Pronounced “Boo-duh-PESH” by Hungarians, this city is a national treasure. “Buda” is separated from “Pest” by the Danube River and linked together with a chain bridge. Architecture here is glorious, with the Parliament Building and Castle Hill singing the city’s praises.
Above: Budapest is divided by the Danube River. The Parliament Building is in the distance.
Prices were a bit of a shock after living on $30 or less per day in most other countries, but after scraping together some forint coins, a visit to “The House of Terror” was possible. This museum tells of Hungary’s strife during Nazi times and the Communist period following. The building casts a chilly feel into the museum because it was once the headquarters of the secret police for the Nazis and the Communist Party.
Above: Budapest’s House of Terror‘s exterior and interior.
Interviews of elderly Hungarians who survived these trying times educate visitors on war history, concentration camp life, and oppression under Communism. A basement, where people were imprisoned, tormented and hung, is open for a eery walk-though while a narrator speaks of his job as a prison worker at that time. The only way to kick the creepy feel of this museum is to step out into the Andrassy Street sun again.
After learning about Hungary’s history, I met with my friend Vera, a Hungarian I’d met nine years earlier while studying at the Goethe Institute in Germany with MLS’ “Project Go.” Not only did she choose an authentic restaurant that pumped out Hungary’s famous goulash and meat pancakes (more like a crepe) but she also enlightened me with her stories of Communist Hungary and the trials her family endured.
Above: Hungarian goulash and a “pancake.”
Vera’s family history was haunted by the Russian army, who rounded up Hungarians to deport to their work camps. Vera’s grandfather, some of his friends and other Hungarian men were swept off the street one day, having been chosen as the next victims of the Russian army. The friends knew Vera’s grandfather’s wife had just given birth to their firstborn and that she needed him to support their family, so they redressed him in pieces of their clothes on the sly and sent him back through the Russian line-up. On his second encounter with the troops, he escaped deportation by telling the Russians that he had syphilis, which he knew petrified them at this time. Vera’s grandfather stayed alive in order to raise his firstborn and two more children, one of which was Vera’s mother.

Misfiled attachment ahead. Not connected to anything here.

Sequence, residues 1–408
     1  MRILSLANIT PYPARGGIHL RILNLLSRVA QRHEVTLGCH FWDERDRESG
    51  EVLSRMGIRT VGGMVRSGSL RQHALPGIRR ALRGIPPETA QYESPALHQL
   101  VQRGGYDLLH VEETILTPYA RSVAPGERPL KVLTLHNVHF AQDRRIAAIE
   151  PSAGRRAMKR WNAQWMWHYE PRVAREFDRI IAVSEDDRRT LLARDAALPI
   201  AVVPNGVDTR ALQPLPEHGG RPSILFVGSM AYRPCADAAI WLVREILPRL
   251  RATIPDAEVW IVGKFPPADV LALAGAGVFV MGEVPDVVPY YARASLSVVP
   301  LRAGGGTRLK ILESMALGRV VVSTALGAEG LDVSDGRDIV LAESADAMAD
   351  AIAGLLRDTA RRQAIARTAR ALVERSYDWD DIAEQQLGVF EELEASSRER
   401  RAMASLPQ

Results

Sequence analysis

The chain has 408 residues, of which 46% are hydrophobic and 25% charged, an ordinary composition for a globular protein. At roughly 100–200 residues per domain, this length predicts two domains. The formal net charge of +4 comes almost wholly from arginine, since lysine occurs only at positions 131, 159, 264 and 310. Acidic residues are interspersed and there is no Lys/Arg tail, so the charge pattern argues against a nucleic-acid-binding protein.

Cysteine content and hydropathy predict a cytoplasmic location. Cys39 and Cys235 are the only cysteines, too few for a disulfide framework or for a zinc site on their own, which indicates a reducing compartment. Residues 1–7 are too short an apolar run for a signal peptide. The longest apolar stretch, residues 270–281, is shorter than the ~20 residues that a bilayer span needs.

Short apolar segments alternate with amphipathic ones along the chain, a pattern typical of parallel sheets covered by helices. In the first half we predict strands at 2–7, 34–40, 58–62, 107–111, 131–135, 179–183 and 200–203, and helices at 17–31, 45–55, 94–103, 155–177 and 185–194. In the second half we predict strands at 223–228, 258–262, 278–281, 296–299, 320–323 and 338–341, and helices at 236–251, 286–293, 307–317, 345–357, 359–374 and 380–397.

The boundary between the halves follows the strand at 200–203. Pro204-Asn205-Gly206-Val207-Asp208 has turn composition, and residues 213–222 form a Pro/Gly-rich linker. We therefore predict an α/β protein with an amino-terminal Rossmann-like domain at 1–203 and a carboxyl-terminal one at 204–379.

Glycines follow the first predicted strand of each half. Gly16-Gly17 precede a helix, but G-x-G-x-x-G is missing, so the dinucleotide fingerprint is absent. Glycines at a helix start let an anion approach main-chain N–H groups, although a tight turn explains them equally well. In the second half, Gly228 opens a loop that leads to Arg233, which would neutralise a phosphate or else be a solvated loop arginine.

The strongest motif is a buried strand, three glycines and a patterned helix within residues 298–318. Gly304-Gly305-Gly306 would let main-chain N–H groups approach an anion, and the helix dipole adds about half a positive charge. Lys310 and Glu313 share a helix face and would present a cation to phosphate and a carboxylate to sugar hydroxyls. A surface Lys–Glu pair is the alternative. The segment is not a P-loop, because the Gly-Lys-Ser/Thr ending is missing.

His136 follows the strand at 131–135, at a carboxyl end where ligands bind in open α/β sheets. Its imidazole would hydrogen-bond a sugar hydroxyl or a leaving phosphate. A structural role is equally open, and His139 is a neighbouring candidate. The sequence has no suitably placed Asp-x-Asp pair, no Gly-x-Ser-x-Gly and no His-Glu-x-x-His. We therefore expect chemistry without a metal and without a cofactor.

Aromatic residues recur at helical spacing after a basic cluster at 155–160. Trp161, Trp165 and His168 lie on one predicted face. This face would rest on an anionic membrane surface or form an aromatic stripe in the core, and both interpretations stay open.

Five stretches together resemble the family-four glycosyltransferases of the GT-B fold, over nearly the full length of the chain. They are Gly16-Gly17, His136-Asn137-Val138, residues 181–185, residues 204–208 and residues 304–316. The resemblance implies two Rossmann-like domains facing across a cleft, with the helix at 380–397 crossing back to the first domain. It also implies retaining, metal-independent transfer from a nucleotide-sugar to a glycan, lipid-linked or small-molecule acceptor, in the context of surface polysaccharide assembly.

After the museum and stories of Communism and Nazi times, I decided it was time to see the positive side of Budapest, so I followed my female instincts to the nearest bath called Szechenyi Spa, famous for its medicinal whirlpools and hot springs. These warm water whirl pools are housed in an old neo-Baroque style building and are located in the city park. Although I forgot my bathing suit in the haste, my tank top and shorts didn’t mind the wash. While wading in the whirl pool area, I met some amazing travelers from Vancouver Island who invited me on their booze cruise that night. (I declined- a sure sign I am getting old, or maybe just finding better things to do with my spare time in a foreign country!)
Above: Szechenyi Spa in Budapest
Before departing Budapest, there was one more stop to be made. After 13 countries worth of stamps and some visa stickers, my passport was chuck-full and ready for a visit to the US Embassy, where new pages would be inserted. I thought, “What an amazing feeling it is to be given preferential treatment,” as I read a sign that said the computers were to be used by US residents first and foremost. You may think this is a meager gesture, but discrimination of foreigners is a common occurrence in many countries and I hate to say I have become accustomed to being treated as second class. For example, Japan had signs that forbid white people and those with tattoos in certain stores and spas. Thailand gave free entry into national parks only to their own citizens and India corralled foreigners into separate ticketing lines in order to charge them many times the going rate for entrance fees into famous areas. It was comforting to be in a place, even if it was just an embassy, where I felt at home. Everyone spoke English without the usual sign language frustration and the US flag flew in all of its glory on the corner of the stone, historical building. Service was quick and the process was organized. Ahh…simple pleasures of a traveler.
More photos of Hungary can be seen under the PHOTOS tab at the top of this page.